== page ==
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Indian women cricketers are the biggest untapped talent market, insists Lisa Sthalekar

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Indian women's team ended up runners-up to Australia in the WC T20

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Indian women cricketers are the biggest untapped talent market, insists Lisa Sthalekar

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SportsCafe Desk

11/22/2020

Lisa Sthalekar has insisted that the lack of matches for the Indian women’s team next is a massive cause of concern and they are the biggest untapped talent market. She added that BCCI is moving in the right direction but they are slow in planning women’s IPL and providing enough match practice.

While BCCI has somehow arranged for the resumption of the international for Indian men cricketers, their women counterparts have struggled to find matches in the prevailing situations. Except for the Women’s T20 Challenge during the IPL, women cricketers have not played a single match since they finished runners-up to Australia at the T20 World Cup this year. And surprisingly, nothing is planned for them in the near future as well. 

Former Australian captain Lisa Sthalekar, now a well-known commentator, insisted that the lack of matches for Indian women cricketers is a cause of concern as they are the biggest untapped talent for the BCCI. 

"I know the pandemic and what the situation is in India. But the fact that Indian contracted players don't know when they are playing next is a massive concern. They are going to fall behind. I feel they are the biggest untapped talent market. If they get it right, then Indian women's cricket will dominate," Sthalekar said as quoted by TOI. 

The lack of practice for Indian women cricketers was quite evident in the Women’s T20 Challenge, where the lowest score was Velocity’s 47, which certainly did not make up for a good advertisement for them. Sighting WBBL’s example, which has been one of the key reasons for the Australian team’s domination, Lisa Sthalekar stated that BCCI are going in the right direction but are slow in planning the progress of women cricketers.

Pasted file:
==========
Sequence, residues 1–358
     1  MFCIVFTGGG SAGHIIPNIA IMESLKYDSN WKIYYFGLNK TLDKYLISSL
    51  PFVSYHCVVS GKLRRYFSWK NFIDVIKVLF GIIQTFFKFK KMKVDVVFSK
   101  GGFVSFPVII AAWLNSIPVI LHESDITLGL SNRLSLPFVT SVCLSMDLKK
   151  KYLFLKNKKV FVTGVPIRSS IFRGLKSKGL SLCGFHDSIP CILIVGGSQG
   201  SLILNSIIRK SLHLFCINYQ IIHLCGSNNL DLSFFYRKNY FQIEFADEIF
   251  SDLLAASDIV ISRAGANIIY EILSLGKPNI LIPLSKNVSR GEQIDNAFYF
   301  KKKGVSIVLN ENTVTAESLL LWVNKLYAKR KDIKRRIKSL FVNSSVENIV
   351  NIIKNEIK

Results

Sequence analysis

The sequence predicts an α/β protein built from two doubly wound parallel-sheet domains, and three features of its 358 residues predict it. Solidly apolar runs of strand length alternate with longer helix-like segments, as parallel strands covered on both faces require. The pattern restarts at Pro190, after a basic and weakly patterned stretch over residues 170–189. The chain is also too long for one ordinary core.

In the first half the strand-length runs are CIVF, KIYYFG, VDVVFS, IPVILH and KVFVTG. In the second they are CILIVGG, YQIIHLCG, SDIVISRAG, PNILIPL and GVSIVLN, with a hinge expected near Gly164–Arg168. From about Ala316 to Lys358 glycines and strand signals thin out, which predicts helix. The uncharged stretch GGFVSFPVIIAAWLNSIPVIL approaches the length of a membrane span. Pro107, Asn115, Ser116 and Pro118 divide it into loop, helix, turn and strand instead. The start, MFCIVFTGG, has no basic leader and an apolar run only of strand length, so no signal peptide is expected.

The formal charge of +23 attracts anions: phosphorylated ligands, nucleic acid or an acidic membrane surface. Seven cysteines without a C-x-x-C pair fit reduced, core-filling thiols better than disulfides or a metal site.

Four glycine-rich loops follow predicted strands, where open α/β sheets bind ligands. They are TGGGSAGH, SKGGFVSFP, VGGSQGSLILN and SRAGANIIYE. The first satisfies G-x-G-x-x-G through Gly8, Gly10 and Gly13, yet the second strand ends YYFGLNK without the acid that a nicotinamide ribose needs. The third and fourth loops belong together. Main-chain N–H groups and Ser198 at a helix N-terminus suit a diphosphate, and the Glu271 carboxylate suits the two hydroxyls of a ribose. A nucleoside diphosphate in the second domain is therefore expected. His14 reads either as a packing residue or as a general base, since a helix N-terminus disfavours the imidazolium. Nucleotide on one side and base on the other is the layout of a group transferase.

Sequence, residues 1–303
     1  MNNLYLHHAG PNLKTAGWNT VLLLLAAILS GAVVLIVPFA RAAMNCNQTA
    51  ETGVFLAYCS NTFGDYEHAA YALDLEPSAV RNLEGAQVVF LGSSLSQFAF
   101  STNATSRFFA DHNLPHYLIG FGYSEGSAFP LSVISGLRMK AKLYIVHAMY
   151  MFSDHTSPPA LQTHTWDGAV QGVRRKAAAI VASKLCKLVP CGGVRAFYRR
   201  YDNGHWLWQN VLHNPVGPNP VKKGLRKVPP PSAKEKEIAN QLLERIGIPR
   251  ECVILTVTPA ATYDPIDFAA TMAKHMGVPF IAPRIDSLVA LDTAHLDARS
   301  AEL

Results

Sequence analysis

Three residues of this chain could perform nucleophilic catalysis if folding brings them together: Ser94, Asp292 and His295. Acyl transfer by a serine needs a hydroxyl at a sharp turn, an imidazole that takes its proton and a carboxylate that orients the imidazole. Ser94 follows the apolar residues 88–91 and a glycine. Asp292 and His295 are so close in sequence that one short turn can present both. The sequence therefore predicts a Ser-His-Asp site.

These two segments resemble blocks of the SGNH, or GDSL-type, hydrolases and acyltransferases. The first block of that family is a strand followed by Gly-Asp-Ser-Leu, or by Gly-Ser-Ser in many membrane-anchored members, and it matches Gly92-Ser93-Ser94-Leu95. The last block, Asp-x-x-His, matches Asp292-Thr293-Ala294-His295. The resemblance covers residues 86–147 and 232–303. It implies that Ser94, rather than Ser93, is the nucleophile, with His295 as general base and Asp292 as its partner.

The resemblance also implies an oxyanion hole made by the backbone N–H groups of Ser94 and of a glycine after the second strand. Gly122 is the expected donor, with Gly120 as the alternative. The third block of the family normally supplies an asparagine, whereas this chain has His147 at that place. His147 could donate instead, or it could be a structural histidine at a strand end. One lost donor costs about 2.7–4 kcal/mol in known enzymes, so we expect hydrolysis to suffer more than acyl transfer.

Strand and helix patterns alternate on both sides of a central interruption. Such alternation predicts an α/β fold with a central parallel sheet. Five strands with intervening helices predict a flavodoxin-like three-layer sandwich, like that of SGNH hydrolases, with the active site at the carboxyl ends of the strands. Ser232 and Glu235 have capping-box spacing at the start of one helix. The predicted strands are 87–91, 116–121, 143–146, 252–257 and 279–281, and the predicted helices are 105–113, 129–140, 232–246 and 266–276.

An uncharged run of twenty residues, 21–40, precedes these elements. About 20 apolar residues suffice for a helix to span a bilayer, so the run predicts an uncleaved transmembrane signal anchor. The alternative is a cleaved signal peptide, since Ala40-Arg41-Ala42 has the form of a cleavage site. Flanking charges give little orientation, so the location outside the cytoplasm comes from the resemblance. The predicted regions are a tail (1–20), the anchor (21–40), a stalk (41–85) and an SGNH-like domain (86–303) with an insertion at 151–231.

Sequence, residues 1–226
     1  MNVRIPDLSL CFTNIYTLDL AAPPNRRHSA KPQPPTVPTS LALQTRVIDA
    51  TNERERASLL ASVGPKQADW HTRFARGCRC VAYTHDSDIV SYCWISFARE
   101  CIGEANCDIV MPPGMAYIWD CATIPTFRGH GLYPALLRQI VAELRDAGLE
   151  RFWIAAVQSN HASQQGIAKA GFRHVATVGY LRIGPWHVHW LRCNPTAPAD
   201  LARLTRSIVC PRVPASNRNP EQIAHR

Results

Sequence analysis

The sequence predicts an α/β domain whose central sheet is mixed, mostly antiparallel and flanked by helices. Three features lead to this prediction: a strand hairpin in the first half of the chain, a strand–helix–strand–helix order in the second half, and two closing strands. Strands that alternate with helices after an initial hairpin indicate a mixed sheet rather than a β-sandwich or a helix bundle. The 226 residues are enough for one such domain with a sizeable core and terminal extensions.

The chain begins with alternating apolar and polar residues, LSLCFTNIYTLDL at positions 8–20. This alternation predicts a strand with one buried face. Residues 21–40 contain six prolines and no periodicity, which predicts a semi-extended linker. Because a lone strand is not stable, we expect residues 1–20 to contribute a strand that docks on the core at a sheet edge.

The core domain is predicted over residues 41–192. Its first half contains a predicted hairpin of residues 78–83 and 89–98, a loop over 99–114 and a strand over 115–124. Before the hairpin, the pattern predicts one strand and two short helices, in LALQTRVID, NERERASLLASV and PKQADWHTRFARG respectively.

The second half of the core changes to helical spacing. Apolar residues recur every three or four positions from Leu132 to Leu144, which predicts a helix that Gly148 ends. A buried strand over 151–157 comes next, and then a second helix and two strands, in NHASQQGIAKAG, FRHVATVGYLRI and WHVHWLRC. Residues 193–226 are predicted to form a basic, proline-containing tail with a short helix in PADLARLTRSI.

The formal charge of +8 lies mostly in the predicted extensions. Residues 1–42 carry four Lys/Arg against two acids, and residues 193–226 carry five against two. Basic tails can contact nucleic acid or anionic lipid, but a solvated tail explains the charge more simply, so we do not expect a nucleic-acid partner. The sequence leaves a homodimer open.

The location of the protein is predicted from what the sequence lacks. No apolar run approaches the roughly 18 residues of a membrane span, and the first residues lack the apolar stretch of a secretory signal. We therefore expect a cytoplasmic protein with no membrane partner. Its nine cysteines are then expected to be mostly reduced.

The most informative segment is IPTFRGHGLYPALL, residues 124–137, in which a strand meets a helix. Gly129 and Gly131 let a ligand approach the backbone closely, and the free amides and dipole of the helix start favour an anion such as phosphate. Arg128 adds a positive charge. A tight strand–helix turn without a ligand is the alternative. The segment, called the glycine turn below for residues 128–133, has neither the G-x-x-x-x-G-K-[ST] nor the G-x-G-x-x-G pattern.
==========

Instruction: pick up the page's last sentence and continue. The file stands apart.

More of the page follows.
"I think they (BCCI) are moving in the right direction but slow in planning a women's IPL and provide enough match practice. The reason why Australian women's cricket is going well is because we have invested in it. Australia are the leaders in creating WBBL, which is in its sixth year. I still remember in the first year, we had only six state teams. But we went ahead and were extended by two teams," she said. 

Thrashing all the nay-sayers, who sight lack of depth as the reason for not expanding, the former Australian captain added that investment and time are needed to get some results. 

"I hear the argument in India that we just don't have the depth, but we didn't think we had the depth either. Maybe the teams (in WBBL) were a little bit weaker when we started but we have more girls pick up the bat and ball now and we are seeing quality teams. You have to take a bit of a gamble, but when is the right time to do anything? Probably yesterday," Sthalekar added.

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